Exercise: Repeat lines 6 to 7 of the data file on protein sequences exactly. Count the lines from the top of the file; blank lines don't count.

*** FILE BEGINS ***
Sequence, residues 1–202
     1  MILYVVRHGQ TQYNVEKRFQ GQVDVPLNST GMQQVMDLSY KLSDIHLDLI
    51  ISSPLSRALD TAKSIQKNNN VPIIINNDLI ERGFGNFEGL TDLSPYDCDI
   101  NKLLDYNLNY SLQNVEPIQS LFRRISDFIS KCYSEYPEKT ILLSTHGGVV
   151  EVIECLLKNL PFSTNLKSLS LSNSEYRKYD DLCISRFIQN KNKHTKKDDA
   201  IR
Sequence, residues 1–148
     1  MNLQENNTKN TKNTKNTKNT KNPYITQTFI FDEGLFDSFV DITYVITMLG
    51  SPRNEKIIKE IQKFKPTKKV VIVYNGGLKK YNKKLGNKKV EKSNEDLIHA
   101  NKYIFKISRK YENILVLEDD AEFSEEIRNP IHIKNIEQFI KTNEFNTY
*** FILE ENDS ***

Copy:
   201  IR
Sequence, residues 1–148